Bills in a state of flux
Hopes of bridging an appropriations impasse in Washington, D.C., took a turn for the worse Monday, deepening the budget uncertainty for federal agencies, including Los Alamos National Laboratory.
A spokesman in Sen. Pete Domenici’s office said this morning that everything was in a state of flux.
Domenici is the ranking member of the appropriations subcommittee that handles the Department of Energy funding.
Chris Gallegos, the senator’s communications director, said the committee had been making progress, including restoring “most of what the House tried to do in terms of cuts.”
The House version of the appropriations bill passed several months ago with deep cuts in the laboratory’s budget.
“Last night everything hit the wall,” Gallegos said.
The Associated Press and others reported Monday that House Appropriations Committee Chairman Rep. David Obey (D-Ill.) threatened to abandon an attempted compromise package that was originally scheduled for debate today.
With 11 of 12 appropriations bills yet to be passed and time running out at the end of this week on the current stopgap funding resolution for most of the federal government, Congress and the White House remain at odds.
Democratic leaders began work last week on an omnibus spending bill that provided funding for the wars in Iraq and Afghanistan without a timetable for withdrawal. Their proposal also included an $11 billion reduction in proposed spending.
But White House budget director Jim Nussle said last week that the new proposal faced a veto for exceeding President Bush’s spending limits.
The AP reported that Nussle accused Democrats of “trying to leverage troop-funding for more pork-barrel spending.”
Obey said it was just the opposite, that the president was willing to relent a little on domestic spending in order to get money for the war.
“It is extraordinary that the president would request an 11-percent increase for the Department of Defense, a 12-percent increase for foreign aid, and $195 billion of emergency funding for the war, while asserting that a 4.7-percent increase for domestic programs is fiscally irresponsible,” said Sen. Robert Byrd (D.-W.Va.), Obey’s counterpart in the Senate, on Monday.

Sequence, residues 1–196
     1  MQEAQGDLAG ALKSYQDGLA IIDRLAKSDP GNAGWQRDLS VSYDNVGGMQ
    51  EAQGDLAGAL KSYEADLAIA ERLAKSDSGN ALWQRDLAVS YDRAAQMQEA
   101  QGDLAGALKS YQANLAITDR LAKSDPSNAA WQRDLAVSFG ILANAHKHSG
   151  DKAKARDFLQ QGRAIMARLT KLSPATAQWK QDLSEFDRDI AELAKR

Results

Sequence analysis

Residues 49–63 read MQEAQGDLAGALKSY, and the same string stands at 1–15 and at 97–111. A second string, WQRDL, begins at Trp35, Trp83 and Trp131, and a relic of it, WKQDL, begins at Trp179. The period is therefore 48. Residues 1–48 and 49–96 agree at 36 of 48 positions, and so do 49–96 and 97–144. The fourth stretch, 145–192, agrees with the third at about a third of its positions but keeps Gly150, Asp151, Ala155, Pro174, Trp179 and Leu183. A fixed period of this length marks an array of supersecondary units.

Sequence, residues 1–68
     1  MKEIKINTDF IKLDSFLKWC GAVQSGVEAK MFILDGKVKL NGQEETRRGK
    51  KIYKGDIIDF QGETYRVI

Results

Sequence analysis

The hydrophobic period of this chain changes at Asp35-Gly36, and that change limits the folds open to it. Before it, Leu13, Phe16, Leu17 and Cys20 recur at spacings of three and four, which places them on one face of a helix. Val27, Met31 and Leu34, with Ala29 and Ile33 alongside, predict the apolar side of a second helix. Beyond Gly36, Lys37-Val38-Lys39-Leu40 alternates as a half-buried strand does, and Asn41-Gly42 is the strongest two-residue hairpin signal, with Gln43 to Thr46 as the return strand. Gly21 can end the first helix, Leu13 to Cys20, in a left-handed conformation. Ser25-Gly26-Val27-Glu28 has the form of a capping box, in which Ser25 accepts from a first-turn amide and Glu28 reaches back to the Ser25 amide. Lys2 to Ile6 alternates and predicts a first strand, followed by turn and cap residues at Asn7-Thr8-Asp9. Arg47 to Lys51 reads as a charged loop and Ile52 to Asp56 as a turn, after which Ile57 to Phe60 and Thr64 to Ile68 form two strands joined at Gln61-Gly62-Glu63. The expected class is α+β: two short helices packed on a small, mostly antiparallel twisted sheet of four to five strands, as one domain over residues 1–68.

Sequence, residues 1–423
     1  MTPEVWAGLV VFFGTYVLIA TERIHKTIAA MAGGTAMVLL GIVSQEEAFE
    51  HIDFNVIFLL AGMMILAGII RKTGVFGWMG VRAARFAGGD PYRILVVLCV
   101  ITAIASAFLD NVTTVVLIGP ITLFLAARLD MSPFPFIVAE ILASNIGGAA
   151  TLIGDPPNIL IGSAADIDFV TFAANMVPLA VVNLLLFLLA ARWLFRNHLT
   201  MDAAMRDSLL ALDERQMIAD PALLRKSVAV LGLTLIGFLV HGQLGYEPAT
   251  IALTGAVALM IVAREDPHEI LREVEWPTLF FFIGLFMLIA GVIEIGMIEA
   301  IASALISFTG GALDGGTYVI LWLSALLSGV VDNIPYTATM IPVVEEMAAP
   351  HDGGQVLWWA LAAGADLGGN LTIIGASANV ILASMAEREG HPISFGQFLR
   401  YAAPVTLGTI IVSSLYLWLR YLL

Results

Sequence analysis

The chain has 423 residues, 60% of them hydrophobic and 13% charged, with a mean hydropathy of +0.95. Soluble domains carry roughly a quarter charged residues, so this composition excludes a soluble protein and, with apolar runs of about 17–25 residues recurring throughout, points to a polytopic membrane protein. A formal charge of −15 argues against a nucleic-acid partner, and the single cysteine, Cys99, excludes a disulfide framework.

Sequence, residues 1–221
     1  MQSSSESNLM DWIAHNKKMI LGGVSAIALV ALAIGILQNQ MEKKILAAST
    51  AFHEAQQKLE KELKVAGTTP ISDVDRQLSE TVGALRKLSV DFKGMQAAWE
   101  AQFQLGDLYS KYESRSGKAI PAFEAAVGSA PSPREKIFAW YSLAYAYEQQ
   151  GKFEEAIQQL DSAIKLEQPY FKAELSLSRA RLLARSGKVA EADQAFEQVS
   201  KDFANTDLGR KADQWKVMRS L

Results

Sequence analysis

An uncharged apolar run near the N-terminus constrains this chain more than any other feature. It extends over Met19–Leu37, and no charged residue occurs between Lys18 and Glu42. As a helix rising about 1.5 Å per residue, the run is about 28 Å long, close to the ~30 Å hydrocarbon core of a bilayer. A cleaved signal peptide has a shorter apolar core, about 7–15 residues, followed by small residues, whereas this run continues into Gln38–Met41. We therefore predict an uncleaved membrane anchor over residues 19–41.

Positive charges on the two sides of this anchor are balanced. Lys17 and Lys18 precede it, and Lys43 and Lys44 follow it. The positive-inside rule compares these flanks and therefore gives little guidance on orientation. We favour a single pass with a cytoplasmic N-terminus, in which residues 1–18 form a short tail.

“I don’t see how we have any choice but to go to the president’s numbers on appropriations to make clear that we aren’t going to link the war with token funding on the domestic side,” Obey told AP Monday.
Included in a new round of cuts would be earmarks, or pet projects, specifically inserted in the appropriations bills by lawmakers in both parties.
Los Alamos National Laboratory has begun to lay employees off, with the first group of voluntary departures scheduled to separate Jan. 10.
The laboratory reported that about 450 have volunteered, out of the 500-750 employees the laboratory has targeted for the reductions.
Employees who volunteered to leave have until Thursday to change their mind.
Phase two of the lab’s program will designate employees for involuntary separation. A phase three was included in the restructuring plan to deal with any further negative consequences of the appropriations process.
Gallegos said that while negotiators for the appropriations subcommittee could not stop the current lay-offs, they were trying to avoid future reductions.
The previous omnibus spending bill did not pass the House until Jan. 31, 2007.